China Orders Energy Officials to Surrender Passports in Graft Probe
By Gu Yongqiang
The entire management of China’s largest oil-and-gas producer has been ordered to surrender passports in a sweeping graft probe, but the move has already been depicted as ineffective.
Beijing-based newspaper Securities Daily reported on Tuesday that middle- and top-ranking managers at scandal-hit China National Petroleum Corp. (CNPC) were told to give up their travel documents as part of a widening corruption inquiry. Around 1,000 officials are affected.
However, insiders say any crooked official worth his salt would have multiple travel documents. “Chinese officials and party cadres usually have two different kinds of passports: an official passport and regular passports,” a government official based in Beijing told TIME on condition of anonymity. “Official passports are usually held by the divisions, while the regular passports are kept by officials themselves.”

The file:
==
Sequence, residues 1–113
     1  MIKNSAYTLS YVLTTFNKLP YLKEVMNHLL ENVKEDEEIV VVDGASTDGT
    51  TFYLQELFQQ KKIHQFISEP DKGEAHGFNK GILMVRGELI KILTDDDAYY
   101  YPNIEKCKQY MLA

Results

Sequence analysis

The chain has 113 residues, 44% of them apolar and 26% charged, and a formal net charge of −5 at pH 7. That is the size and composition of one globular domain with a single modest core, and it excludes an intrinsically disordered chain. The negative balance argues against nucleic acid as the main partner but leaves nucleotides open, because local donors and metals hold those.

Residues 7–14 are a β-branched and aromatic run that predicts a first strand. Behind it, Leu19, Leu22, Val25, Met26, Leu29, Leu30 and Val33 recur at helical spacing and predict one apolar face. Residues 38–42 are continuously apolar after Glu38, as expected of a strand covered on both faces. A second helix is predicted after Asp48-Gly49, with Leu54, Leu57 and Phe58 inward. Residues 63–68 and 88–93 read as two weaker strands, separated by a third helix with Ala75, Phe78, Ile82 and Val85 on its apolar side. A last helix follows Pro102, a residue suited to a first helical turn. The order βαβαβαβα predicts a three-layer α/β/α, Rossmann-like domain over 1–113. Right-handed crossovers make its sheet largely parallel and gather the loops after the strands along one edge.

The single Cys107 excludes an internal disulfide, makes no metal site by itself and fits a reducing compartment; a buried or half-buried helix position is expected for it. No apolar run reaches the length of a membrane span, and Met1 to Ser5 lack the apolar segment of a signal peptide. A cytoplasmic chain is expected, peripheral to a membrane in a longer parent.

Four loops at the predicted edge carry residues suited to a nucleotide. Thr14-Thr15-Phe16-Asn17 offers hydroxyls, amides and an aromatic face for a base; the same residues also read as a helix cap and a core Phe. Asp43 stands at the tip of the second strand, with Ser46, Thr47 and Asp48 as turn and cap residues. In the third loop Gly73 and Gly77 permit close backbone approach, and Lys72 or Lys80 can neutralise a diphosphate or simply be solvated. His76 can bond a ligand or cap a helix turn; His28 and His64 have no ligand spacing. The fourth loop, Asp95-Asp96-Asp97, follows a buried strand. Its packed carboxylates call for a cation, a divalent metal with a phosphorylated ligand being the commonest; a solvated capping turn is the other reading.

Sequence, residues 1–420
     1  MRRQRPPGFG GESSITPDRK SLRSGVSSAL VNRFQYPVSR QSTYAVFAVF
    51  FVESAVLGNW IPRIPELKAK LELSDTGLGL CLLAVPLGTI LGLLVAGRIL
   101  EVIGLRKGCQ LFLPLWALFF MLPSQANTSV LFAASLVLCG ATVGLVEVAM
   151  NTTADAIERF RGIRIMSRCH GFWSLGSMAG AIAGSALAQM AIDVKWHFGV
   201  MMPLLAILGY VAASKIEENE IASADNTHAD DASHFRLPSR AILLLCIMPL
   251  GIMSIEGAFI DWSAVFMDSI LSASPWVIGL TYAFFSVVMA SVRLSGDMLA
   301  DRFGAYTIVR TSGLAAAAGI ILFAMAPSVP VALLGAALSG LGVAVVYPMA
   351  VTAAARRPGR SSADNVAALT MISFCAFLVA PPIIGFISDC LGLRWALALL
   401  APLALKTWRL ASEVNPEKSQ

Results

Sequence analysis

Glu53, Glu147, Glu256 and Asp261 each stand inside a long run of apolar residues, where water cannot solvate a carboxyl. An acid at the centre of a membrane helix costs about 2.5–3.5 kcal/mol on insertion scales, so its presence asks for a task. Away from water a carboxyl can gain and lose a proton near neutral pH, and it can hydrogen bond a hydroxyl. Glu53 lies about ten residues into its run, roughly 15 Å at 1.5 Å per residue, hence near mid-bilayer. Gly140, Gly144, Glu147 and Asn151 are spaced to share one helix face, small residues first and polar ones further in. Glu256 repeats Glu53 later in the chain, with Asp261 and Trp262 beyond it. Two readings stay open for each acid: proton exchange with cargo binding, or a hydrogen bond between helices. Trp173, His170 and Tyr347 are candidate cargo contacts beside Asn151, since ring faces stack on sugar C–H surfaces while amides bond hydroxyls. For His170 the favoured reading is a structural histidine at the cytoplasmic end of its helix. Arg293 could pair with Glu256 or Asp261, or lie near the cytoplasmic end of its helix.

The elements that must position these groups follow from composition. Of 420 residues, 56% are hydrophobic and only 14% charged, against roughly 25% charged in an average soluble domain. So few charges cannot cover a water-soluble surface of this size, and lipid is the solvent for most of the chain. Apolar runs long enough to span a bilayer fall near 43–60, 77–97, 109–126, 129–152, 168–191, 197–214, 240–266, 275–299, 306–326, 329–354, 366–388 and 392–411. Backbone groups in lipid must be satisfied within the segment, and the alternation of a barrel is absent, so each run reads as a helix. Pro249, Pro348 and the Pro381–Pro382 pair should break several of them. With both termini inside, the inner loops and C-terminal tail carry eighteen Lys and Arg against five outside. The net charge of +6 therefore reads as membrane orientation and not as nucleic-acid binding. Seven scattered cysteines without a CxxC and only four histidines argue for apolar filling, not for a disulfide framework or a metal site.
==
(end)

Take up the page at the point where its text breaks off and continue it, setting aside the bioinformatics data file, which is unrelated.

Even if both kinds of passports are surrendered, getting hold of a false passport, or a passport obtained under an alias, doesn’t seem to be a problem for a determined apparatchik on the run.
A raft of corrupt officials have attempted to escape the Middle Kingdom using illicit travel documents over the years. Zhou Jinhuo, former director of the Industry and Commerce Bureau of east China’s Fujian province, fled to the U.S. in 2006 using a real passport but acquired under an alias. He was under investigation by anticorruption agencies at the time.
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